Pleasure and The Individual

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Are you enjoying life? I know some of us are facing very hard things right now. And I know none of us is enjoying life 100% - as if there was nothing difficult. But this morning’s topic - ‘Pleasure and the Individual’ - begs that question: are we enjoying life? Or come at it another way: just thinking back over the last week, what’s brought you pleasure? What have been the two or three most enjoyable moments?

You may have struggled to answer that question – because neither life nor your outlook are positive right now. Or you may have thought of lots of things - but perhaps they seem rather ‘unspiritual’. Maybe you thought of sunbathing; or a night-in with your spouse; or a project at work; or a nice glass of wine; or seeing your children playing; or a meal with friends. Some of you may have thought of things like a really good time of prayer - but even you probably enjoyed something much more down to earth, as well.

And this area can be a problem for Christians. Eg, you find yourself wondering, ‘Should I take such pleasure in things like the garden or music (or whatever it is for you)? Isn’t it a bit unspiritual? And isn’t it an unjustifiable use of time when there’s a gospel to be preached and others are going to hell?’ Or, eg, you find yourself wondering, ‘Given that wine always costs more than tap-water, should I ever drink it? Isn’t that an unjustifiable use of money when others are starving?’ Good questions; and we should ask them. But this area can also be a problem because of all the negative Christian teaching we get. The trouble is: the world takes every pleasure there is and misuses it. And so many negatives therefore get said that we begin to think the pleasures themselves are wrong.

So what does the Bible say? Well, it says God’s will is that we enjoy life – even this side of heaven, even when there’s much that’s unenjoyable. And to unpack that, we’re going to overview the Bible - looking back to creation, then onto the fall and its effects; and then onto salvation in Jesus. So would you turn in the Bibles first to Genesis 1.26 which shows us:


As a kid, I was a fan of Thomas the Tank Engine stories. And in one of them, the usually smiley Thomas goes off the rails and ends up up to his bogeys (if that’s the right word) in mud – and looking a picture of misery. Because that’s not what Thomas was made for. He was made to run on rails - and only being what he was made to be, doing what he was made to do, is he going to enjoy life. And so it was that the Reverend Wilbert Awdry (who wrote the stories) taught me the doctrine of creation – that we will only enjoy life by being what we were made to be and doing what we were made to do. And so it is with us. Look at Genesis 1.26:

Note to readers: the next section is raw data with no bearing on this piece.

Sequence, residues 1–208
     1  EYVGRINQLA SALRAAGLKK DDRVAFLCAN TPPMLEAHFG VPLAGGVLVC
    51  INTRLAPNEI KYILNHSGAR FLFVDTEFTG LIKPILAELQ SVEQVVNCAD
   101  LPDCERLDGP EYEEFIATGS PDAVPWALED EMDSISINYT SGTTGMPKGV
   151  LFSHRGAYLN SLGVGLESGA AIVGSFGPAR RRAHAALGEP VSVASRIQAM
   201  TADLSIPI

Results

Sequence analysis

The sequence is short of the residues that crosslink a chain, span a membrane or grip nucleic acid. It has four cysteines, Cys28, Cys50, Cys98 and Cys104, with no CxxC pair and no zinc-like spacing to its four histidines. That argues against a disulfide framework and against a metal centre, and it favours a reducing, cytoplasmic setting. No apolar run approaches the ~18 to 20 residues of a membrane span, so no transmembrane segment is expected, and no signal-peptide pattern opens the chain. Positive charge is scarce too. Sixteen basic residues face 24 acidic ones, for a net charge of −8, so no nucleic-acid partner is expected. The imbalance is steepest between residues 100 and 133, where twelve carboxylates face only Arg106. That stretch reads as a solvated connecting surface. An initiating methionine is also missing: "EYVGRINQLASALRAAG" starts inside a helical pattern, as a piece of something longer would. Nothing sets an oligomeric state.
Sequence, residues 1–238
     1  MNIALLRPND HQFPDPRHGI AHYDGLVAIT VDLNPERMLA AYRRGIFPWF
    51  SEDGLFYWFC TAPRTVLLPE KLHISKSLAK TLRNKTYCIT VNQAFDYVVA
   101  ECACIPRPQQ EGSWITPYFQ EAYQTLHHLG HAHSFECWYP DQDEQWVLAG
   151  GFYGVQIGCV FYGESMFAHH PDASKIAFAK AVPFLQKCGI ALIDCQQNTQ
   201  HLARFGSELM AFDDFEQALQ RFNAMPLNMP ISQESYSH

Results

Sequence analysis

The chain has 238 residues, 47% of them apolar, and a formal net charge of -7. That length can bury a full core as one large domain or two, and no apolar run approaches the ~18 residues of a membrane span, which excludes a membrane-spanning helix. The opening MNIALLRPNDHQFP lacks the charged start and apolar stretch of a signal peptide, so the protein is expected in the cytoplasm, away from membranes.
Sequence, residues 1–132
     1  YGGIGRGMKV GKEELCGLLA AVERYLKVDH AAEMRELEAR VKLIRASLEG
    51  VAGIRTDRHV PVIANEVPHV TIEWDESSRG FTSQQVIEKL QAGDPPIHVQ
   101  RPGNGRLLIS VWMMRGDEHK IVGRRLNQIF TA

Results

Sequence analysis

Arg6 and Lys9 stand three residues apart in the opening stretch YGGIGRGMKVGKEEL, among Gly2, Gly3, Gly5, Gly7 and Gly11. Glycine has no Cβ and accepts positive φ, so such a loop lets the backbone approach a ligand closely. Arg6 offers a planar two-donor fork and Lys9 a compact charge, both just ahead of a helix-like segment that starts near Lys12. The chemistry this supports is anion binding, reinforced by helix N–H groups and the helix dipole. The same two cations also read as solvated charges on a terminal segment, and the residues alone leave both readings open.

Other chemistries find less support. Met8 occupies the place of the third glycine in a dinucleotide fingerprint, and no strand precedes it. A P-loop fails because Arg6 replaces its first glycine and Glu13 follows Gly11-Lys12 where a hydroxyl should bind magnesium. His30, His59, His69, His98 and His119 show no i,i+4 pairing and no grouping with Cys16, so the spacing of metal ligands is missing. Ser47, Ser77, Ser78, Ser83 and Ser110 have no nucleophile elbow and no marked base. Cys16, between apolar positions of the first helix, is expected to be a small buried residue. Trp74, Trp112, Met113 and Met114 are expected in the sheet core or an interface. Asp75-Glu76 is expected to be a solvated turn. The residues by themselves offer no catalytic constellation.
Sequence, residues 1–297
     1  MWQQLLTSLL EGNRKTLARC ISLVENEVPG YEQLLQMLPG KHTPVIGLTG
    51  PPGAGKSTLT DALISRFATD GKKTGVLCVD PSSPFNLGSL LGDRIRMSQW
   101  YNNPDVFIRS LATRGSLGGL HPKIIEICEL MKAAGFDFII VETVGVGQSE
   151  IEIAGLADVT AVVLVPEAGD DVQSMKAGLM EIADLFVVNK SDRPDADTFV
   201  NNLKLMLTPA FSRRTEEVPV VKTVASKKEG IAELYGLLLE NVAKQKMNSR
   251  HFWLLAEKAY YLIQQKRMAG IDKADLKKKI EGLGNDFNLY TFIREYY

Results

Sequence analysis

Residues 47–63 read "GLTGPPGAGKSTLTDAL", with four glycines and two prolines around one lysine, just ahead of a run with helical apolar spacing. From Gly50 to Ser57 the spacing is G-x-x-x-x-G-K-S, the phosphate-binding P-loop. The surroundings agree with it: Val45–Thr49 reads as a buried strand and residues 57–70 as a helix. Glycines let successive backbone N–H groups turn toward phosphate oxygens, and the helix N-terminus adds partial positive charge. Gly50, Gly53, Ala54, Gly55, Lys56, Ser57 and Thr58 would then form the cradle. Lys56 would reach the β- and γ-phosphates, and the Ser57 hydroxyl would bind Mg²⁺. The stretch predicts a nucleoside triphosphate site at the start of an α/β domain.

26 Then God said, "Let us make man in our image, in our likeness, and let them rule over the fish of the sea and the birds of the air, over the livestock, over all the earth, and over all the creatures that move along the ground.
27 So God created man in his own image, in the image of God he created him; male and female he created them. (Genesis 1.26-27)

So we are unique in being created like God and therefore able to relate to him. We were made to be in relationship with him, and to do his will – ie, to be loved by him, and to love him in response. And, like Thomas the Tank Engine, only being what we were made to be and doing what we were made to do, will we enjoy life. Eg, the great theologian Augustine for years looked unsuccessfully for satisfaction in sex with his mistress. But after he finally turned to Christ he looked back and wrote, “O God our hearts are restless until they find their rest in thee.” The psychologists say that to enjoy life we need two basic things - the security of being loved and the significance of having purpose. And if we look for those things only in human relationships and achievements, they won’t deliver. Because we’re trying to fill a God-sized hole with someone or something less than God.

So only relationship with God will give us that bottom-line enjoyment that the Bible calls ‘joy’ – that sense of well-being that doesn’t depend on circumstances or mood. And once God is put first and central, then we can also find real enjoyment in his gifts, like work, beauty, food, sex and so on. And for those, we need to look on to Genesis 2.8:

8 Now the LORD God had planted a garden in the east, in Eden [and the word Eden means ‘pleasure’ – this is a ‘pleasure garden’]; and there he put the man he had formed [and later it says ‘to work it’ – in deeply satisfying work]. 9 And the LORD God made all kinds of trees grow out of the ground—trees that were pleasing to the eye [so creation’s not just functional but beautiful] and good for food [again, not just functional like a packet of multivitamins - but mangoes and raspberries and whatever your favourites are – typical of the way creation supplies enjoyment way above merely supplying needs]. (Genesis 2.8-9)

Skipping to 2.18, it wasn’t good for man to be alone, so companionship and marriage are created. And meeting Eve for the first time Adam bursts into the first poetry in the Bible, 2.23:

23 The man said, "This is now bone of my bones and flesh of my flesh; she shall be called 'woman, ' for she was taken out of man."
24 For this reason a man will leave his father and mother and be united to his wife, and they will become one flesh. (Genesis 2.23-24)

And you can’t read all that and fail to see that God meant us to enjoy life – to enjoy him, the Giver, first; and then his gifts. So those two or three things that brought you pleasure which you thought of at the start – were they really ‘unspiritual’? Isn’t the sun under which you sunbathed a gift from God? Aren’t sex and work and wine gifts from God? Aren’t children and friendship and food? Don’t let people get away with caricaturing God as anti-pleasure. And let’s not communicate that message ourselves. On the contrary, God wants us to be those who enjoy life and are known for enjoying life. I remember someone giving their testimony here of coming to faith. And she said: “I was drawn to Christ by my Christian friends because no-one was more enjoyable to be with.”

But we don’t live in Eden. We live after the fall and need to consider what effect that has on this whole area of ‘Pleasure and the Individual’. So,


Why did Adam and Eve rebel against God at the fall? It was not> because life was unenjoyable – it was perfect. It was because of the suspicion planted by Satan that there was more enjoyment to be had outside relationship with God. Look at Genesis 2.16:

16 And the LORD God commanded the man, "You are free to eat from any tree in the garden; 17 but you must not eat from the tree of the knowledge of good and evil, for when you eat of it you will surely die." (Genesis 2.16-17)